For the longest time, I refused to work with yeast. That is, until I finally clicked with yeast. Under the right conditions, yeast is beautiful and helps your breads become fluffy and light. But used incorrectly, outside the right conditions, it doesn’t quite work that way. I’ve been more eager to use yeast in recipes now.
Here’s some tips right off the bat!
- The temperature at which you mix yeast in should just be warm to touch. Kinda like medium warm tap water. Too hot and the yeast will die, too cold and it just won’t bloom in the time you need
- To create an insulated warmer environment, turn on the oven and set the cooking timer to about 2-3 minutes. The oven should just barely reach 100ºF, which will be perfect for the heat to transfer into your container over time. Use this method if your kitchen is <65ºF.
- If your kitchen is >65ºF, you could get away with the counter. If you’ve boiled water or cooked something on the stove, place your dough near that area and the heat will transfer too.
- Yeast can get old, so unless you’re using yeast fairly frequently, don’t buy a big container. Buy small amounts at the bulk aisle or just smaller packets.
- Always go by the volume instead of time when waiting for dough to proof and rise.
Anyway, here’s a go at a braid! I love, love, love bread braids especially if they’re the twisted ones where you see all the yummy filling inside. The richness of it all just invites you to take a big bite and savor it. It’s relatively easy to make and way more impressive than the work put in. Truly a crowd pleaser if you need some carbs to share.
You can use whatever filling you’d like, though the more moist the better. I used a mix of pandan paste and cocoa filling. The green and brown swirl so beautifully. And to make it somewhat “healthier”, I opted to use whole wheat bread flour, simply because I had it in my pantry. You can substitute it for normal white bread flour, which will be slightly fluffier. So dig in and get ready for some delicious bread and maybe pair it with a nice cup of tea!
Pandan Chocolate Braid
- 2 cups whole wheat bread flour
- 2 cups all purpose flour
- 2-1/4 tsp dry instant yeast (1 package = 7g)
- 1 cup water
- 1 tsp salt
- 1 Tbsp sugar
- 4 Tbsp butter
- 1 egg
- 12 pandan leaves
- 1/4 cup water
- 1/4 cup coconut milk, separated
- 6 Tbsp sugar, separated
- 1 egg, separated
- 1/4 cup cocoa powder, sifted
- 2 Tbsp butter, room temperature
- 2 Tbsp butter, melted
- 2 Tbsp coarse sugar
- In a large bowl, mix together the flours and yeast.
- Over medium-low heat, combine the water, salt, butter, and sugar until dissolved. Remove from heat and cool to lukewarm temperature (slightly warm to touch).
- In a stand mixer with the dough hook (or hand knead), combine the flour and liquid mixture and egg for 7-10 minutes. As the dough comes together and lifts away from the bowl, use the window pane test to check for gluten developement.
- Remove the dough from the bowl and place it in a lightly greased bowl. Cover and let it rise in a warm place for about 2 hours, or until double in size.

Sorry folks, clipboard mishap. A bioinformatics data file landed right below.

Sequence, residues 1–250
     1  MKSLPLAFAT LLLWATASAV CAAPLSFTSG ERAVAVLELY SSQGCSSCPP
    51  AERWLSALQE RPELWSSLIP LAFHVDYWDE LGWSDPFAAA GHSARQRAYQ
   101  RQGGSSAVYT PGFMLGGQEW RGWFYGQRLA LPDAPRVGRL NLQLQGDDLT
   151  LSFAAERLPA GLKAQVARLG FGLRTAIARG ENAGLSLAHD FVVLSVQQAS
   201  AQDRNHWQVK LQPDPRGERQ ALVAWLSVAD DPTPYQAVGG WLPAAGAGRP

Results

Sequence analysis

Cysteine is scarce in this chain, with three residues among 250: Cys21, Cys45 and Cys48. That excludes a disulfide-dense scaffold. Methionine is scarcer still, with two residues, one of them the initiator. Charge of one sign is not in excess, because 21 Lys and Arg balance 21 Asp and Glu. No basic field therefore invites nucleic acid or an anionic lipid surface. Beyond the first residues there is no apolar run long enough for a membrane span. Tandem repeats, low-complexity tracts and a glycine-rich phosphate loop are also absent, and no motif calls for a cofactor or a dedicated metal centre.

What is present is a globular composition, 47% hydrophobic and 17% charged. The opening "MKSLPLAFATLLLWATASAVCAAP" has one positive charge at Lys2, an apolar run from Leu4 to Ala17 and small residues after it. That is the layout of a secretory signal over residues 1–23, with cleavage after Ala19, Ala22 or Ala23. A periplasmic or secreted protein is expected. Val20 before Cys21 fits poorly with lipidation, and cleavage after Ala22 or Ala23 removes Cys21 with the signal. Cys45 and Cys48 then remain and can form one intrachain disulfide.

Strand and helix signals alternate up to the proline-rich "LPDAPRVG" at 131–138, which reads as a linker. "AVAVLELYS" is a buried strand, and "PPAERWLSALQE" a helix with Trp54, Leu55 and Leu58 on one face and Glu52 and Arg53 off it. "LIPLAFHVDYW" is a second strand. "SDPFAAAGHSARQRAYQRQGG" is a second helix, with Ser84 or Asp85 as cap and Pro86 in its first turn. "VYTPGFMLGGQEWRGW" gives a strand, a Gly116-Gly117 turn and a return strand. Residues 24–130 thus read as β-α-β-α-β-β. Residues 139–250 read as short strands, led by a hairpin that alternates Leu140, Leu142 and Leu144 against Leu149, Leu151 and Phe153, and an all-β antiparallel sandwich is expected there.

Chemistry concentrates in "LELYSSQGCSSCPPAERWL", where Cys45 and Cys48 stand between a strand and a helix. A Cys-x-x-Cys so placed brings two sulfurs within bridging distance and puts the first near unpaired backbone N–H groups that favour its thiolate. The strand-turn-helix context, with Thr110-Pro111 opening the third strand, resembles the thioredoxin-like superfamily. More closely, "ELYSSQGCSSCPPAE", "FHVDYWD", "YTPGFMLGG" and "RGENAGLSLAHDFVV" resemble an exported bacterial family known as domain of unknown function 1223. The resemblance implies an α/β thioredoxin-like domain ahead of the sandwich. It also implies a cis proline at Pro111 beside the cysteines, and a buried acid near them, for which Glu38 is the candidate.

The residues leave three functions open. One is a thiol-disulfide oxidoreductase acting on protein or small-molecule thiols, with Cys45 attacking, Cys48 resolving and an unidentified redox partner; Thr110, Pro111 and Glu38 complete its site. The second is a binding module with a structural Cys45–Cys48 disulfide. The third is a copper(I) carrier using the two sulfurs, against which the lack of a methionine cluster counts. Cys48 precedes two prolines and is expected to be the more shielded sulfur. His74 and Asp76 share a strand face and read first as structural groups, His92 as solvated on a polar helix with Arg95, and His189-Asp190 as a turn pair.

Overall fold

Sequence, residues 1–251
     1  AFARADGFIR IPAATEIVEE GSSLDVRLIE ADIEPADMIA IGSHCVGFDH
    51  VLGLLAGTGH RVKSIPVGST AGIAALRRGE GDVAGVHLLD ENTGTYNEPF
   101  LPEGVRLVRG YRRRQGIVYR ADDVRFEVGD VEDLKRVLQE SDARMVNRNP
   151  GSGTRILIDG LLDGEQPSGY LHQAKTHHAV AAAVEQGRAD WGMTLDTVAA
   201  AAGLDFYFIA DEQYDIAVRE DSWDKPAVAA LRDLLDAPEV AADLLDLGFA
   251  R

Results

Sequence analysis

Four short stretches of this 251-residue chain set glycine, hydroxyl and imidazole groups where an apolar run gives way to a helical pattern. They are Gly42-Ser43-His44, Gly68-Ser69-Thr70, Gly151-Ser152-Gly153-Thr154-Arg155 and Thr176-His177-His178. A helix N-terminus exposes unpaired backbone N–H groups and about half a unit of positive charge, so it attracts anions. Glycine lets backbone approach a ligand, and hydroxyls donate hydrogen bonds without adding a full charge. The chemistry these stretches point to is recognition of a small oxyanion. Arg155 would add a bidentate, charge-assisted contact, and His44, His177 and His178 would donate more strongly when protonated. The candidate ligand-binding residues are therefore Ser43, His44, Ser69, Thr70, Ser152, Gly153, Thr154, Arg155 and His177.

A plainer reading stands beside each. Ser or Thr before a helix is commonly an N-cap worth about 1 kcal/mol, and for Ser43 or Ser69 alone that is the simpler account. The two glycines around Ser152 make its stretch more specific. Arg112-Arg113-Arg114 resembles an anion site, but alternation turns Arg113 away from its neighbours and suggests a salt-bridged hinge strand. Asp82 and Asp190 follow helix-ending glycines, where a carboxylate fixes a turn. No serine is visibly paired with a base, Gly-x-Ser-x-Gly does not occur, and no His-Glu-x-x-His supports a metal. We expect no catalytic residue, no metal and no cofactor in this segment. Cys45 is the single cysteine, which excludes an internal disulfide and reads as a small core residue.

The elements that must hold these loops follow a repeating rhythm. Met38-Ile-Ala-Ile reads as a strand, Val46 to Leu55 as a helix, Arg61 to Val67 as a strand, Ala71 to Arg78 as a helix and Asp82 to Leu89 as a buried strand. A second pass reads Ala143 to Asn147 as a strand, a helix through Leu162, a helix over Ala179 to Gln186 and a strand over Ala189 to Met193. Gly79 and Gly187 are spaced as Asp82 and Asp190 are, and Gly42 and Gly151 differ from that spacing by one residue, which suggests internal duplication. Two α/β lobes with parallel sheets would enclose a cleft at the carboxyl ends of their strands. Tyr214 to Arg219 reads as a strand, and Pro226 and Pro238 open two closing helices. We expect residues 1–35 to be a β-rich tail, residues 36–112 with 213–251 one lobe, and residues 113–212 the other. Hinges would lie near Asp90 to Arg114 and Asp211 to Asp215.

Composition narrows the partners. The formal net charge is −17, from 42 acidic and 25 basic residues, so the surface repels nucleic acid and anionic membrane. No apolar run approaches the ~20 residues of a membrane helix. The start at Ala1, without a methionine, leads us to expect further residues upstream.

- Pandan Filling: Meanwhile, as the dough is resting, make the two fillings. Using an immersion blender or food processor, blend the pandan leaves with water. Sieve it and discard the solids. Then combine the retained pandan water with 2 Tbsp coconut milk, 2 Tbsp sugar and 1 egg yolk. Set aside.
- Cocoa Filling: Combine the rest of the ingredients together for the cocoa filling (1/4 c cocoa, 2 Tbsp softened butter, 1 egg white, 2 Tbsp sugar, 2 Tbsp coconut milk. Set aside.
- Once the dough has doubled, punch it down and place it on a lightly floured surface. Roll out the dough to a rectangle 12" x 20". Spread the two fillings in an alternating pattern, either diagonal or length-wise stripes.
- To shape, roll up the dough with the long side. Then, using a sharp knife, cut the dough down the middle the long ways in three sections (opposite you would a cinnamon roll) but leave about 1 inch attached. Braid by pulling the alternating outside strands to the middle. Try to keep the layers facing up. Tuck the end beneath itself for a prettier finish.
- Brush the melted butter over the braid and sprinkle coarse sugar over the top.
- Transfer the braid to a baking sheet (optionally lined with parchment or a silicone mat). Cover and let the braid rise and rest as the oven preheats to 350ºF. Bake for about 50 minutes, until golden brown and the bread feels firm to touch. Cool before slicing.
- Window pane test: this is a common method to check that the dough has been kneaded enough. Take a small chunk of dough, about grape sized, and start pulling the edges. If the dough does not break, while allowing light to shine through (window pane), then it's good! If it breaks before the window pane effect, then knead and test again until you get there.
- Double the filling if just using one of them.
- For the coconut milk, use it at room temperature to make sure it combines well.
If the braid is too long for your sheet pans, you can divide it in half and bake them as 2 separate loaves
- Adapted from Candice Brown's cookbook Comfort
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